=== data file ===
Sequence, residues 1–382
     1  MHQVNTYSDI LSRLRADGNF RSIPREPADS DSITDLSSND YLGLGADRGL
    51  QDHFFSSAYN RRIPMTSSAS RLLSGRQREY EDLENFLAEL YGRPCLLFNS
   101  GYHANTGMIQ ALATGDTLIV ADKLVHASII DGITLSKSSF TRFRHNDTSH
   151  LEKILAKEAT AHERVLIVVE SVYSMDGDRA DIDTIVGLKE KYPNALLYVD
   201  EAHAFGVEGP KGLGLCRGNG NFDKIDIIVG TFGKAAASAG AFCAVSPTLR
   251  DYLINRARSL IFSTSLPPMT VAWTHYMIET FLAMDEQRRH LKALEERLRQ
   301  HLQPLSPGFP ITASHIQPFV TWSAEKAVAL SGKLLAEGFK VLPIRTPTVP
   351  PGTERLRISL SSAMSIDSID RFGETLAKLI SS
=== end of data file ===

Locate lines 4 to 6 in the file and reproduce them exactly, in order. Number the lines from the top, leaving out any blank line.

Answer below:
   101  GYHANTGMIQ ALATGDTLIV ADKLVHASII DGITLSKSSF TRFRHNDTSH
   151  LEKILAKEAT AHERVLIVVE SVYSMDGDRA DIDTIVGLKE KYPNALLYVD
   201  EAHAFGVEGP KGLGLCRGNG NFDKIDIIVG TFGKAAASAG AFCAVSPTLR